Car Photography from an Autism perspective
Autism is your greatest aspect of learning your dream subject. i.e. car photography. Or a social barrier to overcome during the conversation.
I used to go into massive detail into the specs of automobiles. What's the 0-62mph, what engine and what price it is.
Over the last two years, I've learned objective specs are good, but personal stories to three-quarters of the account while you talk to the owners of said motor.
How did you get the car?
Why did you get the car?
How did you motivate yourself to obtain or modify the vehicle?
It's fantastic hearing stories from owners about their cars and what they've done to their vehicle. It's an extension to their personality.
Speaking to people also gives me the practice of the art of conversation and eye contact when talking to them. I tend to talk about the motors in the dealership, and if they like dogs, I will bring up my Dalmatian.
If you can find common ground with the other side, that finds your conversation engaging and collaborate well together; you're on the right foot. Also, you need your room to compromise and improvise.
As a bonus, it's excellent working with people who have experience with working with people who have autism and who treat them as if they're part of their circle. Not as a child.
It's a challenge to meet new people in places you have not visited. However, you can reset your judgements on chatting new people.
Long words distract me.
If the conversation gets heavy, complex language and lack of emotion, I struggle with those chats. Whether it's current affairs or person has conflicting emotions. It's hard to compute.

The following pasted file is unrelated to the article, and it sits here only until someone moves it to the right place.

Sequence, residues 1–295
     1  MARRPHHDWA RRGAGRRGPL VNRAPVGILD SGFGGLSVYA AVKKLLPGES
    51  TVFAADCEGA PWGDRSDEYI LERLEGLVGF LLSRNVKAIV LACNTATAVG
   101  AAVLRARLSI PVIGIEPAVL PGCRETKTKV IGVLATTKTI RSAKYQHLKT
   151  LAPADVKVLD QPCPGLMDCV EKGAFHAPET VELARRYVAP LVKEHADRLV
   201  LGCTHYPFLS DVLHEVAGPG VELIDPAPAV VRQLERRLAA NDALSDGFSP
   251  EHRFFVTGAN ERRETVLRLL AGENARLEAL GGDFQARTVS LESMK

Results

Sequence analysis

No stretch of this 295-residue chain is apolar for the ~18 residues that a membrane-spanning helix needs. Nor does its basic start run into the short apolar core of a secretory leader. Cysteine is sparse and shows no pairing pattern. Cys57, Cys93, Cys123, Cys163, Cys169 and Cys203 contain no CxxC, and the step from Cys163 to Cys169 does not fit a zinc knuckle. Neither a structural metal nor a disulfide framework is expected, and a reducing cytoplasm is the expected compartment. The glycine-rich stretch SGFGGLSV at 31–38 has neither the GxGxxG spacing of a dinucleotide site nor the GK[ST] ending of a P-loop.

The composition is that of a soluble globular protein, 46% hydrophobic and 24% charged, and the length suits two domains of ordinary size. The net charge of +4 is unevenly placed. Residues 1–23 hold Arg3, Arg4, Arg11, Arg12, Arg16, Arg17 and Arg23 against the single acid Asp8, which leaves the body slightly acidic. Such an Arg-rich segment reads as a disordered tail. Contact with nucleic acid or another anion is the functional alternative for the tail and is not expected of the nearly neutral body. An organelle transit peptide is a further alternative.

People can ask me a sentence about their car or group with one paragraph. More than that, I need a minute to answer their question correctly.
Mixed emotions are challenging to decrypt when I struggle with body language, tone and phrasing at the same time. I need more time to process someone's emotions.
Someone might have one idea, but I struggle to compute their other thoughts. People can mask their feelings under the bloated language and, neutral body language.
If there are a significant and significant amount of last minutes changes, it's a challenge for me to overcome. I.e. Events being cancelled or, rescheduling a photoshoot. It takes an excellent night sleep to deal with the changes.
It depends on what mindset I'm in or how stressed I am. It depends on what variables I have to make last-minute changes.
The strength of my autism is to focus on and learn a subject very well. Going to car meets improves my social skills and helps me network with like-minded people.
You tend to learn to adapt if your visiting car dealerships when you forget the exit or meet new staff in the showrooms.
I love having an engaging chat with people who love their vehicle and learning how they obtained it.
However, prolonged and heavy conversation wears me out a lot. I prefer to talk about the owner's car specs and why they love the vehicle. It's an excellent feeling speaking to the car owners as equals than adversaries.
Finally, I find it very tough to communicate with people who use bloated language, confusing body language to hide their motives.
Do you know anyone who has autism? If you've found this article useful, please share it on your social media channels and let me know. Goodbye.